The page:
"60 MINUTES" CAMERAS FOLLOW BRAIN CANCER PATIENTS UNDER THE CARE OF DUKE UNIVERSITY'S DR. HENRY FRIEDMAN, WHO IS SEEKING A CURE FOR THE DEADLIEST CANCER - SUNDAY ON CBS
60 MINUTES cameras follow three people in their desperate quest to beat the deadliest form of cancer with the help of Duke University oncologist Dr. Henry Friedman. All three were diagnosed with brain tumors their doctors told them would kill them within months and sought the newest but unproven treatments offered by Dr. Friedman. Ed Bradley's special double-length report will be broadcast on 60 MINUTES Sunday, April 7 (7:00-8:00 PM, ET/PT) on the CBS Television Network.
Bradley began following Taylor Black of Stuart, Fla., David Bailey of Stafford, Va., and John Ormond of New York City over a year ago as they began treatment by Friedman, including monoclonal antibody therapy - an experimental treatment - in hopes of beating the terrible odds posed by brain cancer. Almost everyone diagnosed with the worst kind of malignant brain tumor dies within a year. Monoclonal antibody therapy works much like a "smart bomb," delivering an anti-cancer drug right to the growth cells of a tumor to kill its progress.
Friedman believes treatment must begin with hope. "We give them the motto that we stand by, which is 'At Duke, there is hope,'" he says. "You can see almost a swelling within as the fight in them begins to resume because they have been told before that it's absolutely, unequivocally hopeless and without hope, it just ends before it begins," he tells Bradley.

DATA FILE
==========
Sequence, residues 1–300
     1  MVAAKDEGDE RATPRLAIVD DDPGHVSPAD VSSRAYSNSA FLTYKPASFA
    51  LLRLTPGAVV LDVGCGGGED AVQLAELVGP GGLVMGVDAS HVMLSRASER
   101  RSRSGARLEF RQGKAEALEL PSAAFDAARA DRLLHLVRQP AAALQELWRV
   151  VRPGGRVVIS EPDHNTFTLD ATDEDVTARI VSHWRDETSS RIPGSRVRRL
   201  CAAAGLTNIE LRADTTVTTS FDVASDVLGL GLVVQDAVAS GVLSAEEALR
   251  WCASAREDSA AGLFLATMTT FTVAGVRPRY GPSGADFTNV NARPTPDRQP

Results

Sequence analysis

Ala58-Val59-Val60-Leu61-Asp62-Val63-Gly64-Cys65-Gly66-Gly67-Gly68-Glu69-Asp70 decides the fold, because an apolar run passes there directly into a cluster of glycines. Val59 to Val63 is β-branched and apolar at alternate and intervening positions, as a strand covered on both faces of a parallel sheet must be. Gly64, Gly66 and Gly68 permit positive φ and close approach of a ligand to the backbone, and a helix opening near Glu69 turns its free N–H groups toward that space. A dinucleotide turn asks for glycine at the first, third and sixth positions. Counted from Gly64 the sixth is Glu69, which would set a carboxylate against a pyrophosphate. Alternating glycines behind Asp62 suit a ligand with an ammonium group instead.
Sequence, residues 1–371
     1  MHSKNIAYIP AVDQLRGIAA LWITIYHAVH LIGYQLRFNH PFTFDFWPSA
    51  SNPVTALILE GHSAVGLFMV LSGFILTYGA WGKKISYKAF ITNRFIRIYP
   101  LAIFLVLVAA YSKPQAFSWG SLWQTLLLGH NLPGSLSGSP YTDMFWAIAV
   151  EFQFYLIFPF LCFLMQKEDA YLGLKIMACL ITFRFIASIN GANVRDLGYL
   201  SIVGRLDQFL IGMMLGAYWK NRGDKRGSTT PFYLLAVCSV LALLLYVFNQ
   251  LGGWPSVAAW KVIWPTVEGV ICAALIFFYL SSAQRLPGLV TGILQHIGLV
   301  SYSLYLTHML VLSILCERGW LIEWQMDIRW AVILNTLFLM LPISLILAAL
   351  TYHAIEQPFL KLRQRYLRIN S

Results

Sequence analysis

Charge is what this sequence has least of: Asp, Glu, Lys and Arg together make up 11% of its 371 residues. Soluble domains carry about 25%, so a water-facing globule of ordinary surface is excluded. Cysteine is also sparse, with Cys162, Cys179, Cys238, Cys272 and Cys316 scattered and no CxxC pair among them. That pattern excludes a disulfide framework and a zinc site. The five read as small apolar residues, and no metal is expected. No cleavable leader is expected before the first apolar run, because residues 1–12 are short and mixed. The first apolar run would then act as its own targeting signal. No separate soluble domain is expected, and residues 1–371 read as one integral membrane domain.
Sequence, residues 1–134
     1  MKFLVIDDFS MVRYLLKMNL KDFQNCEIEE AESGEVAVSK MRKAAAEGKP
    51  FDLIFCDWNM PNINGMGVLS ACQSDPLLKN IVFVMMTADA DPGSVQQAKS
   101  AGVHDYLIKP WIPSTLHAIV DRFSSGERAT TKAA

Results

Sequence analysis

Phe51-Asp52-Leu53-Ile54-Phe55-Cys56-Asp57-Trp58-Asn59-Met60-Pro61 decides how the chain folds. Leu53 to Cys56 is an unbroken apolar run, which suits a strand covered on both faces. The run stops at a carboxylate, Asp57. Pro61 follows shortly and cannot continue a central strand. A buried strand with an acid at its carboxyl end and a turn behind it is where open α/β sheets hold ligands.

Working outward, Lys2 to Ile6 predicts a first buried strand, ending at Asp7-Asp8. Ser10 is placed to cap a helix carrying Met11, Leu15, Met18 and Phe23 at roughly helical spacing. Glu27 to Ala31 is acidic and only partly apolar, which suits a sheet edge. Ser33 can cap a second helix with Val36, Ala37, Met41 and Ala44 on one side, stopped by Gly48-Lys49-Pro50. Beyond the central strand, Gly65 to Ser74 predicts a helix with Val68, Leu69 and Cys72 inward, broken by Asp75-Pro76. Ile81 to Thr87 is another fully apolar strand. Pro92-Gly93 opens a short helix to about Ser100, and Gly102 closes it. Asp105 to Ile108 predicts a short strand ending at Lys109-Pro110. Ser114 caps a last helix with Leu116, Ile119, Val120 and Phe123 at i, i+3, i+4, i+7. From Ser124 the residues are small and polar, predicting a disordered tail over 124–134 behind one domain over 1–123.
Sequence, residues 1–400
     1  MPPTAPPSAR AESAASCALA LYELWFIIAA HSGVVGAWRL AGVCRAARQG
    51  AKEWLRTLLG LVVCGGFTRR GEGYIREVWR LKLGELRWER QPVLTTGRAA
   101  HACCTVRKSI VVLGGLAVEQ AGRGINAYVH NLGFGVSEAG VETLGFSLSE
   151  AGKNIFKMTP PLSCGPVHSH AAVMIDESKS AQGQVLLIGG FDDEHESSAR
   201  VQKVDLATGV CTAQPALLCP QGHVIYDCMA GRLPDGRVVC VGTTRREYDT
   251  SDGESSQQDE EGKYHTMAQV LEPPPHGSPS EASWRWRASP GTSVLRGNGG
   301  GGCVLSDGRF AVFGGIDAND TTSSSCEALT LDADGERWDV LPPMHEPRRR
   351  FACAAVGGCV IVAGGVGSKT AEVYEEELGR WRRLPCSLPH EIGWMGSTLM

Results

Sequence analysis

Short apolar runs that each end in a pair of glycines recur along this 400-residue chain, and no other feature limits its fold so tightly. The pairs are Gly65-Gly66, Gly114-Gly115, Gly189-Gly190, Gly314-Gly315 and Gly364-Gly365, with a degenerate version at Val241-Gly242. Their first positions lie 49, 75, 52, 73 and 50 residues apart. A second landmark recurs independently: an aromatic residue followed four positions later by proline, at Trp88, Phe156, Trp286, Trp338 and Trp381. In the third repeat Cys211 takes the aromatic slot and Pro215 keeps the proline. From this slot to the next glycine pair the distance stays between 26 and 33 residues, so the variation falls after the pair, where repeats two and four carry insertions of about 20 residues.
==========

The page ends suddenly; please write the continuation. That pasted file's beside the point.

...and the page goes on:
Friedman oversees a team of 200 doctors, researchers and scientists at the Duke University Brain Tumor Center who are developing the newest experimental cancer drugs. Friedman uses the drugs on his 2,000 patients, often before these medicines have been put through the traditional steps toward FDA approval, including clinical trials.
Bypassing what's called phase-three clinical trials, in which one group of patients gets the new drug and the other is treated with standard therapy, has attracted criticism from his colleagues. But Friedman is undeterred, believing the years it takes to test a drug cost too many lives. "[Phase-three clinical trials] make the assumption that until you have a strong set of data that something increases survival, you can't use that intervention," he tells Bradley. "That's all well and good, unless you're a patient in the next five years while you're waiting for these trials to be done. What are they going to be offered?" says Friedman.